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Ignoring the merits of whether we should make this change or not (the circumstances are slightly complex and probably covered by my NDA), our client would like us to require that visitors to the site we're building have come from another of their sites. If a user comes to us from elsewhere, they should be sent to the login screen of that other site.

It feels like the easiest way to do this is using mod_rewrite to redirect anything with a referrer that is neither our site nor this other one.

My current thinking is

In httpd.conf

RewriteMap deflector txt:/path/to/deflector.map
RewriteCond %{HTTP_REFERER} !=""
RewriteCond ${deflector:%{HTTP_REFERER}|NOT-FOUND} =NOT-FOUND
RewriteRule ^ http://www.theothersite.com/login.jsp [R=307,L]

In deflector.map

//www.oursite.com/ -
//oursite.com/ -
//www.theothersite.com/ -
//theothersite.com/ -

This would allow us to expand the list of "permissible referrers" quite easily, which feels like a good idea.

I have three questions then:

  1. Is mod_rewrite (which we're already using extensively) the best way of doing this?
  2. If it is, then is a 307 Temporary Redirect response the best way to handle it?
  3. As I'm not primarily a LAMP dev / admin, have I made any stupid typos in those rewrite rules? ;o)

It feels to me that 307 Temporary Redirect or 403 Forbidden are the most appropriate status codes and I assume it's A Bad Thing™ to send a Location: redirect header with a 4xx response.

That all make sense?

Edit: Are the map searches case-*in*sensitive by default? Do I need to worry about case here?
Edit 2: Are map searches a regex search or a whole-key match? If the map contains www.foo.com and the Referer: header reads http://www.foo.com/bar.php will it match?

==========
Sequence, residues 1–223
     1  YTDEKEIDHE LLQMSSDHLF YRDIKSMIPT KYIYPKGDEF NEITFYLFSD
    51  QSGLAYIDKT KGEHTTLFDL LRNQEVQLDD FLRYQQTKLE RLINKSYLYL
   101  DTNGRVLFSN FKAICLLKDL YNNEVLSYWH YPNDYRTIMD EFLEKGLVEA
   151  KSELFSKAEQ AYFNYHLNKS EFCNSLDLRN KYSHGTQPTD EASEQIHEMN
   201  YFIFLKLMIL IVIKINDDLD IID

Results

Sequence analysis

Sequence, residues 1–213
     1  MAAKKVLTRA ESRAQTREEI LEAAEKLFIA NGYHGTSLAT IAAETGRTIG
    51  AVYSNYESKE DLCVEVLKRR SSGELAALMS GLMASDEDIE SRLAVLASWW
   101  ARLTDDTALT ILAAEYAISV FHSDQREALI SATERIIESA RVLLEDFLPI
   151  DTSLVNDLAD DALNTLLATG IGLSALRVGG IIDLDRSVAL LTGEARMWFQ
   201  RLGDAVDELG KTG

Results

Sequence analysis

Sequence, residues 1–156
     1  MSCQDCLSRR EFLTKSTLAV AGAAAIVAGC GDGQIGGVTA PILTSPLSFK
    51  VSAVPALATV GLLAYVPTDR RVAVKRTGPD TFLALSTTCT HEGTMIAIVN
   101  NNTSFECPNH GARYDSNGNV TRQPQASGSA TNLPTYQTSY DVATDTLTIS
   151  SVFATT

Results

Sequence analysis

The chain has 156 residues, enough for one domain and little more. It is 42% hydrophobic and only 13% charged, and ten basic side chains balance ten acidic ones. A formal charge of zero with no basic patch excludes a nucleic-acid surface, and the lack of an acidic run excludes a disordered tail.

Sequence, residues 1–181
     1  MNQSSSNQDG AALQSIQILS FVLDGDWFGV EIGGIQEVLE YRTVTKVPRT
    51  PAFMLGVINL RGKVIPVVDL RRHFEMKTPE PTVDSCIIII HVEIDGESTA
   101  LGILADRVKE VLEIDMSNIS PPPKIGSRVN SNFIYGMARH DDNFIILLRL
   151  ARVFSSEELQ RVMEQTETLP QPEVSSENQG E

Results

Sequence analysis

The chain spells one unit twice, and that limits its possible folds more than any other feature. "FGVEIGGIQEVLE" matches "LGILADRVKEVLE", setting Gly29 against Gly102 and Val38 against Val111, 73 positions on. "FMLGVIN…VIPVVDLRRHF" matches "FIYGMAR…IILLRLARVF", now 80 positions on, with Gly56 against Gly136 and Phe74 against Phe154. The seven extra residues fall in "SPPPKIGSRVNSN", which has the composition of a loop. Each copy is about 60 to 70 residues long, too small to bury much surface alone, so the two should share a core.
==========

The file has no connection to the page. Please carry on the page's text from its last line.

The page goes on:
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Think about what's going to happen here when a browser doesn't return a referer. BTW you can't send a location response with a 4xx status code. –  symcbean Jan 19 '12 at 14:25
    
@symcbean Yeah, that's why I have RewriteCond %{HTTP_REFERER} !="" there first. And thanks, I didn't think I could send a Location: header with a 4xx code. –  Owen Blacker Jan 19 '12 at 14:42

2 Answers 2

I think the map will be case-sensitive, and also you need to extract the hostname from the Referer. I haven't tested it at all but something like this might perhaps work:

RewriteMap deflector txt:/path/to/deflector.map
RewriteMap lc int:tolower
RewriteCond %{HTTP_REFERER} ^https?://([^:/?]+)
RewriteCond ${lc:%1} (.+)
RewriteCond ${deflector:%1|NOT-FOUND} =NOT-FOUND
RewriteRule ^ http://example.com/ [L]

Don't faff around with unusual response codes; the default of 302 is fine.

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Ah, of course. Thank you. The only thing I'm not sure about is the arguments to the last line — should that [L] be [R,L] (with R=302 being implicit)? –  Owen Blacker Jan 19 '12 at 17:58
1  
I think the [R] isn't necessary as the rewrite is to an absolute URL so mod_rewrite defaults to it. –  Jon Ribbens Jan 19 '12 at 18:03
up vote 0 down vote accepted

What we've actually ended up doing is as follows:

RewriteCond %{REMOTE_HOST} !A.B.C.(D|E)
RewriteCond %{HTTP_HOST}==%{HTTP_REFERER} !^(.*?)==https?://\1/ [NC]
RewriteCond %{HTTP_REFERER} !https?://referring.domain.com/ [NC]
RewriteRule ^ https://referring.domain.com/path/to/login/script [R,L]

The first RewriteCond (and several more lines like it) mean that developers and the client are not restricted by this referrer check (as it's really tiresome to have to go there first before going to our site).

The second RewriteCond is a work of genius to check if the referrer is the same as the Host: in the request. This is based on terrye's answer to SO#7398191: Generic mod_rewrite referrer check — because mod_rewrite only does variable interpolation in the test string, you can't have a line reading

RewriteCond %{HTTP_HOST} !^https?://%{HTTP_REFERER}/ [NC]

as it simply won't do that check.

Apparently we're "never" gonna need to allow any other referrers. If we did, I guess I'd just have to set that last RewriteCond line to end [NC,OR] and chain some more conditions along.

All working nicely. Thanks for your help, everyone!

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